From a very early age, John knew he was destined to be a writer. He penned his first "novel" in the third grade. The story, written in orange marker, was about the adventures of three hamsters and won him a school-wide award in Creative Writing. Since then, he has studied creative writing in New York City at Gotham Writers’ Workshop, and in Washington, DC at The Writer’s Center and The American University.
Born in November 1969 and raised on a farm in mid-Michigan, John was the youngest of five children and had a love-hate relationship with living in a rural area on a farm. He loved the beauty and serenity of the northern land, but hated the never-ending manual labor that came with farming. A lover of all things intellectual, it was only a matter of time until he left his childhood home for places more cosmopolitan -- first to Washington, DC for a Masters Degree, then to New York City to start a new career and get married, then back again to Washington, DC to start a family.
John has long had a strong affinity for all things Russian. His favorite writers are Dostoevsky, Tolstoy, Solzhenitsyn, and Turgenev, and his favorite composers are Prokofiev, Tchaikovsky, and Shostakovich. In college, he studied the Russian language and also received an 'Emphasis' in Russian Studies. While doing his post-graduate studies, John met and fell in love with an enchanting Russian woman whom he would later marry. Since then, John has travelled several times with her to Ukraine and Russia. He has been to Kiev, Moscow, Crimea, and of course Leningrad (now known as Saint Petersburg).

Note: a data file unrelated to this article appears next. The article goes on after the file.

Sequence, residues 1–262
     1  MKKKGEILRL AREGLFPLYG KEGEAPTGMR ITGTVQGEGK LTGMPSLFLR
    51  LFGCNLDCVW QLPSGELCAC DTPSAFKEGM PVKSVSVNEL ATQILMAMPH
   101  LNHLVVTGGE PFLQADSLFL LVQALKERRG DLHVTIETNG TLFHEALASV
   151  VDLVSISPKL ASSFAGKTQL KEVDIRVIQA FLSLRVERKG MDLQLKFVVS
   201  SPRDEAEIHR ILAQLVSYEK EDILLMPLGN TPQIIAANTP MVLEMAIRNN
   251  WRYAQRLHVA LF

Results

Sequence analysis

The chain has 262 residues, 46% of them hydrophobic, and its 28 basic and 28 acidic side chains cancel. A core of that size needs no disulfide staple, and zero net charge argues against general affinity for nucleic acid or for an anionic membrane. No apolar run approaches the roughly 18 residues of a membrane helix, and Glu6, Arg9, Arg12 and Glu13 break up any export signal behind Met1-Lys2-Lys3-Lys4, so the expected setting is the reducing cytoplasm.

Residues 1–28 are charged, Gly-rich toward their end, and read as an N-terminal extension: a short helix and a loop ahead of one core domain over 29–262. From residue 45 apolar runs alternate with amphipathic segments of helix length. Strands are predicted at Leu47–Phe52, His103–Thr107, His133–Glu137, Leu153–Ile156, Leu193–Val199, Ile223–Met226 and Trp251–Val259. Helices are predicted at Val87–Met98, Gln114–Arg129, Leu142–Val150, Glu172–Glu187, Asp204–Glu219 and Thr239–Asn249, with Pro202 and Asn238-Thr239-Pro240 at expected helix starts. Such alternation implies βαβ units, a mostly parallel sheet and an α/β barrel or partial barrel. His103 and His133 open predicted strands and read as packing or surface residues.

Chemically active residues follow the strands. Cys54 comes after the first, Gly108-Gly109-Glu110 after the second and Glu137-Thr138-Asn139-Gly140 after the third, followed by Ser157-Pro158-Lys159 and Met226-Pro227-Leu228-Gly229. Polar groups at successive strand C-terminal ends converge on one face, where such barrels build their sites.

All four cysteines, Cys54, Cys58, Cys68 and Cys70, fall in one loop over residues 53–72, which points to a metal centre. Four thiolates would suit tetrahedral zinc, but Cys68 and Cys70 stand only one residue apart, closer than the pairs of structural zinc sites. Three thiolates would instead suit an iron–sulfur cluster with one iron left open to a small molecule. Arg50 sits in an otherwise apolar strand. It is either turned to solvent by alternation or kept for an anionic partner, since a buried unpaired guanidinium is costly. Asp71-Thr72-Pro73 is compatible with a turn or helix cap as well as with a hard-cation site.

Both a recovering Nihilist and a recovering Existentialist, John is inspired more than anything by the mystery of life. He believes that no matter how hard we try, we humans will never be able to completely comprehend everything about this strange three dimensional world we live in. He believes that only by accepting our limitations and quieting our discursive mind can we then open ourselves up to the subtle ways the Universe communicates with us. If he had to summarize his view of the meaning of life, he would borrow the last few lines from a poem of one of his characters (Katya) which read:
"...Love is the beginning, and Love is the end, and here in the middle is where we must mend."